What if he had been photographing young women sunbathing in their back yards au natural? Would that change your opinion? (And farmers do have wives and daughters)

  • JP Danko

    Thx for the link! Basically I read that as – right now there is no legal definition as to what is private property from the air.

  • Eric

    The only time I’ve not been allowed to take photos here in Thailand is when I was told there was gasoline nearby, i.e. a danger of explosion.

    I can walk into storefronts, private property, mosques, temples, anywhere really and ask “Tot na khrup. Photo ok?” and 99% of the time people are totally cool with it.

    Glad I no longer live in the US and have to put up w/this BS and worry about being asked what I’m doing or worse, arrested.

  • Kate Hannon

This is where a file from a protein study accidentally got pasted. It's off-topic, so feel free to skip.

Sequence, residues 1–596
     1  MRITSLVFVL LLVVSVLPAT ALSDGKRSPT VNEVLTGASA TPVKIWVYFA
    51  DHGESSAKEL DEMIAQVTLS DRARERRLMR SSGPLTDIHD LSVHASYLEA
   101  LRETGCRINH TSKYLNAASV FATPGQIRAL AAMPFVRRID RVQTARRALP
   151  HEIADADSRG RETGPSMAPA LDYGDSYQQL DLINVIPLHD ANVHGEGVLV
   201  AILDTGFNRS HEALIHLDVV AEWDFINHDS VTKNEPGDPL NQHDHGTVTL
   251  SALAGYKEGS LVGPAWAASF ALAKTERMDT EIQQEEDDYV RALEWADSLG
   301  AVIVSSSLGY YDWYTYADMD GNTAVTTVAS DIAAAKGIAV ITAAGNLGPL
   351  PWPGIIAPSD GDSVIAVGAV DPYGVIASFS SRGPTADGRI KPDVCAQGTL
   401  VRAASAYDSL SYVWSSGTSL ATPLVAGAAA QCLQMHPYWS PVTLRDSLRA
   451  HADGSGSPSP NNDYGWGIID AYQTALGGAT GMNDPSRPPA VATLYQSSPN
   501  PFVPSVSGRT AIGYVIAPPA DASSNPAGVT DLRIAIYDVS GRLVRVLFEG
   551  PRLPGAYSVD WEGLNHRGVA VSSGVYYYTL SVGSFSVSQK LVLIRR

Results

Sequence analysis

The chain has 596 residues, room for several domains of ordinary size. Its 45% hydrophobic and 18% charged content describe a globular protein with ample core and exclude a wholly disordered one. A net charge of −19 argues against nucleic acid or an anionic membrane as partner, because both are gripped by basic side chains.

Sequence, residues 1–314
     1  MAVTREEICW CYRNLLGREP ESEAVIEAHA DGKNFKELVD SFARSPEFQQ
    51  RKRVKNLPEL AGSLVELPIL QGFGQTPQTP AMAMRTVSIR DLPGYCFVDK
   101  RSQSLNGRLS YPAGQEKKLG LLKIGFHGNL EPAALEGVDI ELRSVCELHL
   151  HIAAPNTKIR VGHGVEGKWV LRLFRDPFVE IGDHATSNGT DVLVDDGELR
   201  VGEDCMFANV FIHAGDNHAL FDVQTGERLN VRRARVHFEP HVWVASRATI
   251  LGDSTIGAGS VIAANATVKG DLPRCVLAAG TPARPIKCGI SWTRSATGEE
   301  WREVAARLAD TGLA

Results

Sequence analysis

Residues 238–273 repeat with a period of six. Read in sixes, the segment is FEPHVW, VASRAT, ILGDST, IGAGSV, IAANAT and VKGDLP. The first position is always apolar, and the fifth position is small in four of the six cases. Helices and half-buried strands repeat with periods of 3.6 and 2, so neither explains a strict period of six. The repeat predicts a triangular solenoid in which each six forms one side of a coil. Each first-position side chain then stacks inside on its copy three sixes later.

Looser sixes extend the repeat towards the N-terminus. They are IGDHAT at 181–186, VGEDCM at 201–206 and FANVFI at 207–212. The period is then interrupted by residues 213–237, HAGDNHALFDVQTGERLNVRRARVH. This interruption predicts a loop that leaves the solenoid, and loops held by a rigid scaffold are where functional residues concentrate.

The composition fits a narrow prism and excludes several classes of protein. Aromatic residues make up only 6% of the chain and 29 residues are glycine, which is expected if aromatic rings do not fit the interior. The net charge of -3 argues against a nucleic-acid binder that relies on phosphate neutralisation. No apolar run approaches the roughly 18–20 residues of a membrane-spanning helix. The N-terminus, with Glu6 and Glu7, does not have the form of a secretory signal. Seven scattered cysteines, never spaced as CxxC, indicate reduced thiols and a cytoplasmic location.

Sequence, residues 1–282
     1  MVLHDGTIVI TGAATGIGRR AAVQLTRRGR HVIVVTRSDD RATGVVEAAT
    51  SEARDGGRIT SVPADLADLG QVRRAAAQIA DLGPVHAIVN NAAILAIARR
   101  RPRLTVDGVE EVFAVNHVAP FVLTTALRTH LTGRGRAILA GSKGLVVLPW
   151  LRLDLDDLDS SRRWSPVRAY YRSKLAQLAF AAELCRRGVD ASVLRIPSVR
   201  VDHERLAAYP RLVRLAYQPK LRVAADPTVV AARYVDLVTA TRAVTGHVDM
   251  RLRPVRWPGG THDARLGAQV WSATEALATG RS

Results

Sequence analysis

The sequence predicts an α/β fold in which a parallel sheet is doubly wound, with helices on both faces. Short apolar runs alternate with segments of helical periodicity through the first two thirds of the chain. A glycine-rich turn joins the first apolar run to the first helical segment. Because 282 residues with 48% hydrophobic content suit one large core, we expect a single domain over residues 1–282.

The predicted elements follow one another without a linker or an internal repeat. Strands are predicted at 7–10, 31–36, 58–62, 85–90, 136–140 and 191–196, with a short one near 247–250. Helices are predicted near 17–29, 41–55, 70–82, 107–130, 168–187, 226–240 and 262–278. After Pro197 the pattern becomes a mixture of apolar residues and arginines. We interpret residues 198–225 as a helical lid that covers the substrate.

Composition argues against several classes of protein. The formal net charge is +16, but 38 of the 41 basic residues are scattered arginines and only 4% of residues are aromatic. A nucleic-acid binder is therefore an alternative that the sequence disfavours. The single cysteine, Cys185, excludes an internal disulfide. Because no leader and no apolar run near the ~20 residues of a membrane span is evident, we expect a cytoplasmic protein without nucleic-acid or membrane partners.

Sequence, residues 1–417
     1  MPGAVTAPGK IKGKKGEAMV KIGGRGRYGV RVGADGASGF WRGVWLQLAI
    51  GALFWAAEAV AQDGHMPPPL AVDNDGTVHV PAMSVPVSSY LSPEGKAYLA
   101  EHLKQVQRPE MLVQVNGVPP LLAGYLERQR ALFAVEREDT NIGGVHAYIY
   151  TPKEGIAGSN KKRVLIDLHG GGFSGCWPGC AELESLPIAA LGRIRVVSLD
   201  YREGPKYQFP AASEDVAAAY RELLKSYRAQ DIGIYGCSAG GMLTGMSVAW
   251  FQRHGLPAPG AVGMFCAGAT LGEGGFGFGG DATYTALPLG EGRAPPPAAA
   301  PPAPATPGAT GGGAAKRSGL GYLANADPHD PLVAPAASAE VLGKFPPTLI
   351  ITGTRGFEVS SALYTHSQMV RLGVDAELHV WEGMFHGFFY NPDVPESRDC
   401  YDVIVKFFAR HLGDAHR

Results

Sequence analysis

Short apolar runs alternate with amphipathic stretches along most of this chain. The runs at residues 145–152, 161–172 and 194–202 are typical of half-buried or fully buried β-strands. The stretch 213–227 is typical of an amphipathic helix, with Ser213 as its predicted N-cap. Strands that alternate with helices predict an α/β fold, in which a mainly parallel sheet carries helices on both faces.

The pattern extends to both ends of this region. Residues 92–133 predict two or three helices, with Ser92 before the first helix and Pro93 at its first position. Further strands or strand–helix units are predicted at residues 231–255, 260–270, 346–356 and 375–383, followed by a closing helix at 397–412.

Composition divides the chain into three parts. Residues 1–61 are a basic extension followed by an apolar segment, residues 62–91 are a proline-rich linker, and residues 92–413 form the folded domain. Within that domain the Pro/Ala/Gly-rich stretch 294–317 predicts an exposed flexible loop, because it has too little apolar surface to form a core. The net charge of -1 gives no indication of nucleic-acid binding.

Sounds like Kansas farms may have a lot to hide.

  • pgb0517

    Read “The Man Who Sold the Moon” by Robert A. Heinlein. :-)

  • Ralph Hightower

    Kansas is growing dope!

  • Theranthrope

    Full stop.
    Your opinion of what constitutes “reasonable” and “private”, which is akin to Barbra Streisand; greatly differs from what I, or the law, does; she was dead wrong:

  • Theranthrope

    My read is: you can use the airspace over particular area of private property as long as you follow the law (FAA regulations) and don’t make a pest of yourself to the land owners. Recording photons being emitted or bouncing off private property (taking pictures), by itself, does not constitute pestering.

    Aerospace above a certain altitude is public domain. We no longer live in the dark ages where feudal lords own everything that lives, grows, rolls, is blown, or flies over their domain.